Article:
In late March and early April 2009, the outbreak of the novel Influenza A H1N1 virus infection was first detected in Mexico. This virus subsequently caused the 2009 H1N1 flu pandemic. A pandemic is said to occur if a new virus emerges and spreads around the world. In Malaysia more than 15,000 individuals were confirmed to have been infected with this virus during the initial wave of the pandemic.

Symptoms and signs

Symptoms of infection with the flu virus are similar to those of seasonal flu, including:

  • Fever (temperature higher than 37.8ºC) and chills
  • Cough
  • Sore throat
  • Body aches or headache
  • Fatigue
  • Vomiting and diarrhea (not typical with seasonal flu)


Complications of influenza occur in some people; pneumonia is the most common complication. Pneumonia is a serious infection of the lungs and is more likely to occur in

  • pregnant women;
  • infants, and young children particularly under age 2;
  • people of any age with certain chronic health conditions (including asthma or lung disease, heart disease, diabetes, kidney disease or some neurological conditions);
  • people with severely compromised immune systems eg : those infected with HIV, those on longterm steroids, cancer treatment, etc.


Most people will recover with simple home remedies. Take good rest and take plenty of fluids. Use paracetamol if you have aches and pains. However you should see a doctor if

  • You feel short of breath or have trouble breathing
  • You have pain or pressure in your chest or stomach
  • You have signs of being dehydrated, such as dizziness when standing or not passing urine
  • You feel confused
  • You cannot stop vomiting or you cannot drink enough fluids
  • Your fever continues for more than 2 days

In children, you should seek help if the child has any of the above or if the child:

  • Has blue or purplish skin color
  • Is so irritable that he or she does not want to be held
  • Does not have tears when crying (in infants)
  • Does not wake up easily

Antiviral medicines such as oseltamivir (Tamiflu®) and zanamivir (Relenza®) work best if taken within 48 hours. Let your doctor decide whether you will need any of these medications

You also need to prevent spreading this virus to people around you. You can spread the infection one day before you have symptoms until at least 24 hours after your fever has gone (without taking anti-fever medicines). Children and people with a weakened immune system may be contagious for more than seven days. So when you are unwell,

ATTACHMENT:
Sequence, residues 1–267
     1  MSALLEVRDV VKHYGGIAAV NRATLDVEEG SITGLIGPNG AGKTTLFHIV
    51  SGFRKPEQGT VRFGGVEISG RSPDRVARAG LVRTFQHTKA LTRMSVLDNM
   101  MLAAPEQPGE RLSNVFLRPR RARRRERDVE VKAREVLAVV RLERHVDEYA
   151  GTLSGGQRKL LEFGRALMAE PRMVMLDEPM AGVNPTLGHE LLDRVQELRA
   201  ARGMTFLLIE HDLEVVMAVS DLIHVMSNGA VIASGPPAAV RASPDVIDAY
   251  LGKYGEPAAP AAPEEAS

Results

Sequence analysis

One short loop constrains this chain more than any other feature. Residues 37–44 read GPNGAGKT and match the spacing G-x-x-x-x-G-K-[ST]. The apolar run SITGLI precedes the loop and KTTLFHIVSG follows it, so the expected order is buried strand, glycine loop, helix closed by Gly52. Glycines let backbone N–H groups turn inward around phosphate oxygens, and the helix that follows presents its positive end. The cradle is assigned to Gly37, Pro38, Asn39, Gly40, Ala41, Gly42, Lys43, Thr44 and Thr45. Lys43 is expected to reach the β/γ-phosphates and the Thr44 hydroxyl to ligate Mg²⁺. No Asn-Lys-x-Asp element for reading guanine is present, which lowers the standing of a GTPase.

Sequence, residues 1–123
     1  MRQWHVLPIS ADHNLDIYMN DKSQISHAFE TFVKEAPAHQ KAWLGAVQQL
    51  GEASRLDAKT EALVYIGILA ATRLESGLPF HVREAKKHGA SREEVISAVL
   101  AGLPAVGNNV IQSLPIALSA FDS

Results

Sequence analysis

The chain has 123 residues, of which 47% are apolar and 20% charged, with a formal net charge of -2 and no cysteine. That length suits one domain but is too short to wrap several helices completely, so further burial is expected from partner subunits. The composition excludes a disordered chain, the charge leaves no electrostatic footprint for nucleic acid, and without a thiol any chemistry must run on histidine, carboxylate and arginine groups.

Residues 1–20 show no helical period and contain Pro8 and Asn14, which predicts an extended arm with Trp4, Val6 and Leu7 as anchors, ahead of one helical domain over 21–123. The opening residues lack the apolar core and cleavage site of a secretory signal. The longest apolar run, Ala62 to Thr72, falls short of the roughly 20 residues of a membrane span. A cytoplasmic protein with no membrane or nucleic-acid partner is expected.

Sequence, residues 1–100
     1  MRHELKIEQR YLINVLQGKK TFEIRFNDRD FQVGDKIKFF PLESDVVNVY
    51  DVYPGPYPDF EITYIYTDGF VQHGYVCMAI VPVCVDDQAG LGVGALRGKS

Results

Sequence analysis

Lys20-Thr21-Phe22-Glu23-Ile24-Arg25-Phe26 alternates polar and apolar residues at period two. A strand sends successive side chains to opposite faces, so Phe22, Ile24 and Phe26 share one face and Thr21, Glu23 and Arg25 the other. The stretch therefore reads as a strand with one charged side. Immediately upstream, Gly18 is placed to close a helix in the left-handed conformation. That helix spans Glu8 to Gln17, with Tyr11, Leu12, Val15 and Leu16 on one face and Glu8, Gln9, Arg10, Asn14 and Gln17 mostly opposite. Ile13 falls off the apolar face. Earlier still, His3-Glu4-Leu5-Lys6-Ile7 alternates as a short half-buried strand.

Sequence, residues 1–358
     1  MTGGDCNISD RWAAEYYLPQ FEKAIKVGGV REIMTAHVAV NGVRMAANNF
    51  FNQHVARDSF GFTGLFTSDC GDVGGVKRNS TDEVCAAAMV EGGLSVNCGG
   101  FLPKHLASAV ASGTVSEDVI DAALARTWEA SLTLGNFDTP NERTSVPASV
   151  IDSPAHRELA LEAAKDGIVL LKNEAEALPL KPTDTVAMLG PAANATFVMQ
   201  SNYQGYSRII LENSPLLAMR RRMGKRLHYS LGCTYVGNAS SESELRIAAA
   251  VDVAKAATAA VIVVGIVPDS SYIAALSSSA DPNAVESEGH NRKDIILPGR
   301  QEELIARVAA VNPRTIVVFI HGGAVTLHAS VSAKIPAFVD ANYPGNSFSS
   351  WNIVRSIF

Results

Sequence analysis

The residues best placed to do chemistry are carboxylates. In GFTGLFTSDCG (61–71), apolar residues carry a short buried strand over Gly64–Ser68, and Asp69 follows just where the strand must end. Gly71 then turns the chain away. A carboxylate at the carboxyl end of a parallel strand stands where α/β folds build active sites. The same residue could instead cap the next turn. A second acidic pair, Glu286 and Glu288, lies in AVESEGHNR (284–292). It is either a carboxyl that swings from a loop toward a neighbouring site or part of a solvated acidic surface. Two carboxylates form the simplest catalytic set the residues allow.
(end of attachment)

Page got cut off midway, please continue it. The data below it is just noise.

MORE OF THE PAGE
• Stay at home and keep aways from work, school or crowds.
  • Cover your coughs and sneezes. If you are using tissues, make sure you dispose of them carefully. Clean your hands immediately after with soap and water or cleanse them with an alcohol-based hand rub
  • If you do not have a tissue close by when you cough or sneeze, cover your mouth as much as possible with the crook of your elbow, see picture;
  • You can also use a mask to help you contain the spread of droplets when you are around others;
  • Inform family and friends about your illness and try to avoid contact with other people;


The way H1N1 influenza A virus spreads from one person to another is similar to other flu viruses. The virus can be spread by coughing or sneezing, or by touching surfaces contaminated with the virus and then touching your nose or mouth. We can prevent ourselves from getting infected by

  • Keeping our distance from people who show symptoms of influenza-like illness, such as coughing and sneezing (trying to maintain a distance of about 1 meter if possible);
  • Clean hands thoroughly with soap and water, or cleanse them with an alcohol-based hand rub on a regular basis (especially if touching surfaces that are likely to be contaminated);
  • Avoid touching your mouth, nose and eyes as much as possible;
  • Reduce the time spent in crowded settings if possible;
  • Improve airflow in your living space by opening windows;
  • Practice good health habits (including adequate sleep, eating nutritious food, and keeping physically active); and

Getting vaccinated with the standard trivalent seasonal influenza vaccines.

Last reviewed : 28 August 2020
Writer : Dr. Suresh Kumar a/l Chindambaram
Reviewer : Dr. Nor Faizah bt. Ghazali